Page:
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Creator Nationality: African; North African; Egyptian
Creator Name-CRT: Egyptian
Title: Tutankhamun Wearing the Blue Crown
Title Type: Object name
View: Sie View
Creation Start Date: -133
Creation End Date: -132
Creation Date: ca. 1336-27 B.C.E.
Object Type: Sculpture
Classification Term: Statues
Materials and Techniques: Indurated limestone
Dimensions: H. 5 7/8 in. (14.9 cm)
AMICA Contributor: The Metropolitan Museum of Art
Owner Location: New York, New York, USA
ID Number: 50.6
Credit Line: Rogers Fund, 1950
This head is a fragment from a statue group that represented the god Amun seated on a throne and Tutankhamun standing or kneeling in front of him. The king's figure was considerably smaller than that of the god, indicating his subordinate status in the presence of the deity. All that remains of Amun is his right hand, which touches the back of the king's crown in a gesture that signifies Tutankhamun's investiture as king. During coronation rituals, various types of crowns were put on the king's head. The type represented here-probably a leather helmet with metal disks sewn onto it-was generally painted blue, and is commonly called the 'blue crown.' The ancient name was khepresh.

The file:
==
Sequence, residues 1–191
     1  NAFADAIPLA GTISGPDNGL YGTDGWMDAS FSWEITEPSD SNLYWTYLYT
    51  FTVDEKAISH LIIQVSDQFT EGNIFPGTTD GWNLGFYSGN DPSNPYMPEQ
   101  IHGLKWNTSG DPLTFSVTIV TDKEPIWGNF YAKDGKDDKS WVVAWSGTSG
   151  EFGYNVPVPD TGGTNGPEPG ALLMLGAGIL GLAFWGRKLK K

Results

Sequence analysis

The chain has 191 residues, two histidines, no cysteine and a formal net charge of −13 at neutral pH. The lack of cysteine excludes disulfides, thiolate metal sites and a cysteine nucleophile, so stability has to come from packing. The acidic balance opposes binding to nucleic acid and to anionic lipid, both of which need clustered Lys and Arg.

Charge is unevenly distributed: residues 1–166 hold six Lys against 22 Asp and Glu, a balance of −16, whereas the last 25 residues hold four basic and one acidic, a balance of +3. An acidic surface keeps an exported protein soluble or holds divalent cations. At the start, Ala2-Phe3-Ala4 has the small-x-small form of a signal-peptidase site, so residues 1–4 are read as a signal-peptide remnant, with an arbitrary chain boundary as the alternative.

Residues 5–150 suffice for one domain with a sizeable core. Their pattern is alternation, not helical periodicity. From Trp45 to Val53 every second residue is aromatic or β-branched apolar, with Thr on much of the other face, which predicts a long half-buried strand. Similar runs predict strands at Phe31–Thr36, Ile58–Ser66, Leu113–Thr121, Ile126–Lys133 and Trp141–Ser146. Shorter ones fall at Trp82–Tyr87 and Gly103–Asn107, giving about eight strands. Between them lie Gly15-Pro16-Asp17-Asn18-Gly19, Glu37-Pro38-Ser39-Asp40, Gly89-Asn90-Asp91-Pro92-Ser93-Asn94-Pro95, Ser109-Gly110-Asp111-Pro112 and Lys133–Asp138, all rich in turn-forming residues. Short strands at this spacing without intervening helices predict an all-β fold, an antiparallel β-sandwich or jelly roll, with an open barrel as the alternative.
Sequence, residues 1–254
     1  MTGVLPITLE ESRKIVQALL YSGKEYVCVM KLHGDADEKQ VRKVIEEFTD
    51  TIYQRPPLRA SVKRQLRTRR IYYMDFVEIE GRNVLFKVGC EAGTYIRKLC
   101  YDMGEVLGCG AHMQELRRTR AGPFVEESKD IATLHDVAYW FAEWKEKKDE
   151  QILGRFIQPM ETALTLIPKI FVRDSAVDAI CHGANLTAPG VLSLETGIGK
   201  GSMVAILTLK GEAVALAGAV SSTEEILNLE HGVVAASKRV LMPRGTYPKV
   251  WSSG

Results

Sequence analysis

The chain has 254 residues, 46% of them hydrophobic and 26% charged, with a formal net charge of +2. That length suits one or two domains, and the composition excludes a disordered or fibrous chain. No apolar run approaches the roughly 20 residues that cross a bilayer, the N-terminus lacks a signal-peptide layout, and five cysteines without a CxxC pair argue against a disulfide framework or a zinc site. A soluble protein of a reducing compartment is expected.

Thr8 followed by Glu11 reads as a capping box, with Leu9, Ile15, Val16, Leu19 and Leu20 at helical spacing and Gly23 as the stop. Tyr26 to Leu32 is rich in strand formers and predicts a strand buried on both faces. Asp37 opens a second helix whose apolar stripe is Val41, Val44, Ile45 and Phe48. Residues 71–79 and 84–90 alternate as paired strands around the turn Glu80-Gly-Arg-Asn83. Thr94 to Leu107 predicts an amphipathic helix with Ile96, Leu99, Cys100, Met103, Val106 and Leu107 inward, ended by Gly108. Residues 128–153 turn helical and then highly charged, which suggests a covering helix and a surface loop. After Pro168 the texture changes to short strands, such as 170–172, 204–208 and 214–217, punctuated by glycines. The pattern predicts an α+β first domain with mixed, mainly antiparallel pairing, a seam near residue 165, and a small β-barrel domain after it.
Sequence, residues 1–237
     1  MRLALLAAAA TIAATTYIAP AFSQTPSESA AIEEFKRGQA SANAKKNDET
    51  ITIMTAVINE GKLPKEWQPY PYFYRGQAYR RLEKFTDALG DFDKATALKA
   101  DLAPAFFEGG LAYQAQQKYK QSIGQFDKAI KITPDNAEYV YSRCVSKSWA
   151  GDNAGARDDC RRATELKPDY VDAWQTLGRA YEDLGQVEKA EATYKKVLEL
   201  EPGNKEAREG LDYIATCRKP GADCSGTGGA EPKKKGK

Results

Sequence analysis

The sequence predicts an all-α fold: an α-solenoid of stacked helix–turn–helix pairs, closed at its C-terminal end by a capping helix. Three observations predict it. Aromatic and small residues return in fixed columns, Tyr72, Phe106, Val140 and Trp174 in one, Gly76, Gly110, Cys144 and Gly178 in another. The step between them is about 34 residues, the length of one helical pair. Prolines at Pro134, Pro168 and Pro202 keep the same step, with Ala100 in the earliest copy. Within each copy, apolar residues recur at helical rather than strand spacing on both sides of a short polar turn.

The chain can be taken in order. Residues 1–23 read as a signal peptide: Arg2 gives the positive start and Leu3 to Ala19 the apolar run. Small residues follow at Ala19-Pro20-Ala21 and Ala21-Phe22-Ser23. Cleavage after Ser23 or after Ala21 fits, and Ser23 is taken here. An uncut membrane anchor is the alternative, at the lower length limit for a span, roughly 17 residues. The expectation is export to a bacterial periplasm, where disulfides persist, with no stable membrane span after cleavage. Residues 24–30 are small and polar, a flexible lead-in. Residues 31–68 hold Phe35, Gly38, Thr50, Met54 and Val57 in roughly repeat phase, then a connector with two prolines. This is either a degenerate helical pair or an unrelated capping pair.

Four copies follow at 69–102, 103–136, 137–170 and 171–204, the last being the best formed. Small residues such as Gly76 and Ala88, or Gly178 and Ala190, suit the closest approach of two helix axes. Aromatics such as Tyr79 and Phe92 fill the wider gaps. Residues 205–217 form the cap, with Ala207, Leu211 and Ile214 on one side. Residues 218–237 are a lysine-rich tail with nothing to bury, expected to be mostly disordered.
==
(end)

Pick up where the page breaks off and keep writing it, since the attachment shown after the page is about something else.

Statue groups showing a king together with gods had been created since the Old Kingdom, and formal groups relating to the pharaoh's coronation were dedicated at Karnak by Hatshepsut and other rulers of Dynasty 18. The Metropolitan's head of Tutankhamun with the hand of Amun is special because of the intimacy with which the subject is treated. The face of the king expresses a touching youthful earnestness, and the hand of the god is raised toward his crown with gentle care.
AMICA ID: MMA_.50.6
AMICA Library Year: 2000
Media Metadata Rights:
Copyright The Metropolitan Museum of Art
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